The contemporary design index leans toward comfort that is personalized, practical, and pleasurable. People want to feel a part of their environment and to be included in its raison d’etre.
Today most people don’t care as much about impressing others, or being impressed, they care about being surrounded by a nurturing spatial continuity that makes them feel relaxed and revitalized. Whether this is at home, work, or in a public space, this continuity fulfills the modern psychological need for place identity; a form of visual branding that creates a sense of comfortable and usable familiarity.
The newest architectural/spatial concepts amalgamate unusual and re-purposed or green materials into public art, eco art installations, and the creation of total environments. The goal is to develop functional spaces that evoke specific emotional responses and produce connection to the environment in a non-ordinary way. Integral to the process is the effective combination of three dimensional and two dimensional design elements which produce genius loci or “spirit of place”. Materials such as cast glass and concrete, ceramics, wood, and papier-mâché are replacing the plastics and factory veneers of the 20th century. As integrated design solutions that resolve spatial challenges, these practical, aesthetic elements bond and organize a space into a cohesive whole. Through strategic color placement, pattern coordination, and the use of sculptural elements, sensual fulfillment merges with efficiency.
Also an awareness of spatial psychology, known as proxemics, plays a huge role in the architectural and design choices that are being looked at and implemented today. Proxemics is concept that describes our spatial awareness in both social and literal contexts. An example would be our spatial comfort zone when we are speaking to a stranger; which is both cultural and personal. It also applies to good or bad feelings that can arise in a space based on factors like having enough room to move as opposed to feeling closed in. Good design works with this human (and cultural) need for harmonious spatial effects. This is achieved through scale, placement of design components, room height and width, and other actual spatial modifications. However, it is also accomplished with hue and color placement, textures, and art work. Art that is integrated into the environment, from finishes to complex imagery, fulfills a deep spatial need; especially when it is personalized as nurturing and/or truly relevant to the function of the space.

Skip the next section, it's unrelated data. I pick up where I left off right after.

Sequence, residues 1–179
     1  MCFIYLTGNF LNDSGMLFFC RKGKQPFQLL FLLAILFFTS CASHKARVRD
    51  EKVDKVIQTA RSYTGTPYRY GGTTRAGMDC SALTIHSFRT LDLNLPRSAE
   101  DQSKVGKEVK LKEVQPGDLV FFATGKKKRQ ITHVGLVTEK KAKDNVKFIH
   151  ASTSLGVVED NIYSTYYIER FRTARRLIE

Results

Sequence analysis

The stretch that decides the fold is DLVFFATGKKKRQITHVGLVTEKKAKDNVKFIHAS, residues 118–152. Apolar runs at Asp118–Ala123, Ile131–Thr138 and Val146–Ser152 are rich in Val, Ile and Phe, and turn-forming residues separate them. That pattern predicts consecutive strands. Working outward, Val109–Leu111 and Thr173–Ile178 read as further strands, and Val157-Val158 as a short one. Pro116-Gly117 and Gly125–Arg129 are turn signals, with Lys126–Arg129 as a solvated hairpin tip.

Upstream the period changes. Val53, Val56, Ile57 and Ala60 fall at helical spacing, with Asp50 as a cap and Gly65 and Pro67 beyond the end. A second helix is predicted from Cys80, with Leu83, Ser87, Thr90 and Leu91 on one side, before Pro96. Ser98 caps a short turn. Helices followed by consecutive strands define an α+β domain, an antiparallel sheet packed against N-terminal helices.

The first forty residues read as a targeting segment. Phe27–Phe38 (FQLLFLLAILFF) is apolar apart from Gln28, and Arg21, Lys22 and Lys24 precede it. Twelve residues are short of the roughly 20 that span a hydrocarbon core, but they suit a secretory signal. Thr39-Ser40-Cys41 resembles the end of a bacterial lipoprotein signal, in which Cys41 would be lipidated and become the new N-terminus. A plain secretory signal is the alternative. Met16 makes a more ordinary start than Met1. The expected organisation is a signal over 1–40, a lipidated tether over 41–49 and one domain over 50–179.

Awareness of spatial relationships and how they affect us through architecture, color, art, and the use of non-traditional resources and materials, is the key to creating compelling and efficacious design in the 21st century.
As Jane Parkins wrote in her February 2012 article:
“The success of a space, public or otherwise, relies for the most part on the atmosphere that it creates for the user. While functionality is always a key part of design, if individuals feel uncomfortable in the space; its functional aspects are simply wasted”.
Article by: Martha Channer /MC2 The Science Of design